Gandhi statue defaced: South Africa questioning Gandhi's ideologies?
By PRIYANKA SRIVASTAVA
A protesting group donning ANC caps defaced a bronze statue of Mahatma Gandhi standing opposite to African National Congress (ANC)'s Johannesburg office in Gandhi Square, last Sunday.
The group of hooligans drove in a dark grey Renault hatchback and came out with tins of white paint, carrying placards that read "Racist Gandhi must fall." The protesters threw white paint on the bust and left.
They also defaced a nearby plaque that had detailed information about the contribution made by Gandhi in South Africa. One protester was caught by the police but was released on bail later.
This incident happened after the protester brought down the statue of Cecil John Rhodes at the Cape Town University. His statue was removed from campus, after a month long student campaign to banish the white colonialist from the premises.
South African students have been involved in endless debates on colonialism, history and heritage in the country. The protest have been an outcome of these month long protest where the younger generation has been questioning about the symbols and monuments reminding of the colonialism and racism, that was prevalent in the nation for hundreds of years. The protest has been widely reported in newspapers and local news channels.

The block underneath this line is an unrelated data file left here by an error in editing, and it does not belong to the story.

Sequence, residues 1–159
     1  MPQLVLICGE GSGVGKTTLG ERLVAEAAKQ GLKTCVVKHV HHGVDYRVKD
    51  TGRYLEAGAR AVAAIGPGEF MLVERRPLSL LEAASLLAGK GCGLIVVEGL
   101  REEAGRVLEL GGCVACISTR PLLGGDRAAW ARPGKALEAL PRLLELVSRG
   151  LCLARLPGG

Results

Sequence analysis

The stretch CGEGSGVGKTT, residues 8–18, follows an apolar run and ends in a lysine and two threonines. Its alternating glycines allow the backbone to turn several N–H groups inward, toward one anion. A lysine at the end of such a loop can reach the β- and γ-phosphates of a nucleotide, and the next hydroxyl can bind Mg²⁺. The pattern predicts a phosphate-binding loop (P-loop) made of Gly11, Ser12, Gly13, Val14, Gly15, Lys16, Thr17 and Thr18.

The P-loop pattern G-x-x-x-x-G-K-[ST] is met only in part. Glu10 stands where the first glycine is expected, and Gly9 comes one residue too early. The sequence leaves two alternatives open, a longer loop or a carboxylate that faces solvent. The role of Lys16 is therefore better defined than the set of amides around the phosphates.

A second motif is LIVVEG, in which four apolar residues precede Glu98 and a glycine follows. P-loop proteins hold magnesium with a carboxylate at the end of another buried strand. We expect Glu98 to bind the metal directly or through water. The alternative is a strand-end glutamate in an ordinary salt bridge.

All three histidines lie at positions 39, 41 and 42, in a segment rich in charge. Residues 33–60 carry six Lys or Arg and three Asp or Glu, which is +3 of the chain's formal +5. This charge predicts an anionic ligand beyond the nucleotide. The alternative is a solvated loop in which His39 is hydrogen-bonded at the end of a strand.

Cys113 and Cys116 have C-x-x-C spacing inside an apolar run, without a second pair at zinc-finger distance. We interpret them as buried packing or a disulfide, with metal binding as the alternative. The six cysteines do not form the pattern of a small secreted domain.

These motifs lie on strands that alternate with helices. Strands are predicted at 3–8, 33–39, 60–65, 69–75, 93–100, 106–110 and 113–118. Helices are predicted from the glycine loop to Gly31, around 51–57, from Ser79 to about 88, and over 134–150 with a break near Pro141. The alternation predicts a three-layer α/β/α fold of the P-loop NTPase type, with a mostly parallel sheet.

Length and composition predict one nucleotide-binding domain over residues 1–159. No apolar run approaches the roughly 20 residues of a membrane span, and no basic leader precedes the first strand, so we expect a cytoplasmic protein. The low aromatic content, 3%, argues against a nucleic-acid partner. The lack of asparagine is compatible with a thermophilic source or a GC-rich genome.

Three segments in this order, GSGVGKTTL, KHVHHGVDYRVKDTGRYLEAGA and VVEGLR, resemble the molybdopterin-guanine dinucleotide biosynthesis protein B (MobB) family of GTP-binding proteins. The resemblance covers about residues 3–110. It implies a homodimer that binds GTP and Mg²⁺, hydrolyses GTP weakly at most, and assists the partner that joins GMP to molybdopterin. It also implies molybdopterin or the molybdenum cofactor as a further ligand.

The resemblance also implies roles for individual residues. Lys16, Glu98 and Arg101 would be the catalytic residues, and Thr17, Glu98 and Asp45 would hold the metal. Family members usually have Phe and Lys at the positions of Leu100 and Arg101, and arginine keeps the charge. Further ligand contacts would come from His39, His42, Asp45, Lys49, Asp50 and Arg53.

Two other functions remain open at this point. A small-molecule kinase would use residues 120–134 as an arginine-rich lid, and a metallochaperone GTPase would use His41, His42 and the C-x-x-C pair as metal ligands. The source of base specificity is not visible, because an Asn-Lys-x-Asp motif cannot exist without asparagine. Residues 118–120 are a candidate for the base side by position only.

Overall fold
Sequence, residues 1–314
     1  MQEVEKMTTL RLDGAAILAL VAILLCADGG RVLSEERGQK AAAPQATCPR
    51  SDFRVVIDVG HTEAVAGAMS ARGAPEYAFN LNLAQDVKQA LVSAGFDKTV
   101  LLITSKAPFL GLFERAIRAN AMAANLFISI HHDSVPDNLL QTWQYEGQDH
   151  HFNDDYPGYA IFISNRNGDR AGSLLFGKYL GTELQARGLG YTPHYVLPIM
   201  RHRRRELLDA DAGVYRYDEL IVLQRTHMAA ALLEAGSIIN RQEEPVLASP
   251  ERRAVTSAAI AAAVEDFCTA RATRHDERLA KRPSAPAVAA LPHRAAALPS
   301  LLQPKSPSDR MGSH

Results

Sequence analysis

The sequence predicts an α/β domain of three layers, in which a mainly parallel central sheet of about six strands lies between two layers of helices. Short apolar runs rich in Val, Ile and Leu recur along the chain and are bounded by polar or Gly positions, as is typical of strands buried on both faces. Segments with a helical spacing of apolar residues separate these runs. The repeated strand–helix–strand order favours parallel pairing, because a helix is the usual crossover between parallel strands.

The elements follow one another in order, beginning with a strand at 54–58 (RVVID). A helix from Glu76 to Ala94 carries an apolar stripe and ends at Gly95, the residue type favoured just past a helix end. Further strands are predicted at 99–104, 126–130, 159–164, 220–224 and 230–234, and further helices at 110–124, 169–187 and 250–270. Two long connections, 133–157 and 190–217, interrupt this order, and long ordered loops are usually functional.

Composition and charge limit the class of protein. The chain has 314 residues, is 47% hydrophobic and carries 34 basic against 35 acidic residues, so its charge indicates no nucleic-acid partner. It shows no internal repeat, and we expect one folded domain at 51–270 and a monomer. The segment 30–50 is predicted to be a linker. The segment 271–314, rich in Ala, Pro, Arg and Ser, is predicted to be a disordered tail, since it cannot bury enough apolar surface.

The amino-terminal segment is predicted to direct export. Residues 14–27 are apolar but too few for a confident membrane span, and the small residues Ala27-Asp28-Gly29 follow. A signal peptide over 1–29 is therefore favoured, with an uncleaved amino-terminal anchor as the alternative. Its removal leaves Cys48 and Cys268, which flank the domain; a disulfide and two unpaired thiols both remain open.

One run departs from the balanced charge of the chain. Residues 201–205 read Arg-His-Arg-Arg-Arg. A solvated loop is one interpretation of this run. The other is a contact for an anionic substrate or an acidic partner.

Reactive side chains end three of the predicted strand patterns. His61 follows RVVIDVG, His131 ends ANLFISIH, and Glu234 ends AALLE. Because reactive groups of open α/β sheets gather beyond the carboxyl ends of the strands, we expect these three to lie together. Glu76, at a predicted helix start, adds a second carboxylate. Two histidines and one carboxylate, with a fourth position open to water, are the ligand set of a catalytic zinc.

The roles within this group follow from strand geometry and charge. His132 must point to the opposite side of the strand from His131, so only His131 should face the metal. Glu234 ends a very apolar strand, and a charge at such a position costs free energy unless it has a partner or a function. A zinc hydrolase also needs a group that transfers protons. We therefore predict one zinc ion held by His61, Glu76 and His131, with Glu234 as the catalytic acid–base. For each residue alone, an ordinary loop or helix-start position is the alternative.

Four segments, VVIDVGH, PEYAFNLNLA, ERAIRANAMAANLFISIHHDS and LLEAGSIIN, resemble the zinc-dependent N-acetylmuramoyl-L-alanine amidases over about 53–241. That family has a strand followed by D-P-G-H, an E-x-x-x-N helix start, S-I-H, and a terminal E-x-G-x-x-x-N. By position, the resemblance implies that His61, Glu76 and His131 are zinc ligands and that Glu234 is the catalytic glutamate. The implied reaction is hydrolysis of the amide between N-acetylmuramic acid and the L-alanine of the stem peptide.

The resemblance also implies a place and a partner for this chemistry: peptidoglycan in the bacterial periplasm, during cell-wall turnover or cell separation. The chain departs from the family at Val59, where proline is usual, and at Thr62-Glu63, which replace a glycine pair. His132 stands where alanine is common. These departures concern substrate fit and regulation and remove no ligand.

The local community laments that the defacing of Gandhi is an outcome of misjudgment. When the group of protesters alleged Gandhi to be a racist, it put him in the company of Rhodes and others who were at a dominant position in the colonial era. Gandhi, however, marked a new first as this was vandalism of a statue of a non-white person.
ANC has been trying to save its face and is evading the embarrassment by dubbing the entire episode as an unfortunate one. In an official statement, ANC have strongly highlighted Gandhi's contributions to South Africa.
Gandhi ideology was the major force that inspired Nelson Mandela in shaping the anti-apartheid struggle. Mandela's ANC government came to power in the first complete democratic elections of 1994.
The statue depicting Gandhi as a young lawyer in Johannesburg is one of the many statues that the country has. There are several other monuments which have the statues of Gandhi.
It may be true that the racist tag on Gandhi has triggered vandalism on his own statue by the protesters. Yet, the whole of South Africa need not made responsible for that while the same need not be questioning the Gandhi's ideologies.
Gandhi statues are installed even near the ditches and garbage heaps on the streets of India. They go un-attended, un-maintained and neglected by the very group of people who established it. The same shall not happen to Gandhiji abroad, especially South Africa. The global reception and patronage of Gandhian ideologies must reflect on the place of establishment and maintenance of his statue as well. A wrong place and nonchalant display of support to Gandhiji is very much a disaster of this kind.
While the learned and the intellect see Gandhiji at par with other Kings, rulers, scientists and philosophers, the same perception cannot be expected from the laymen and the public. Precaution must be taken at some extra cost.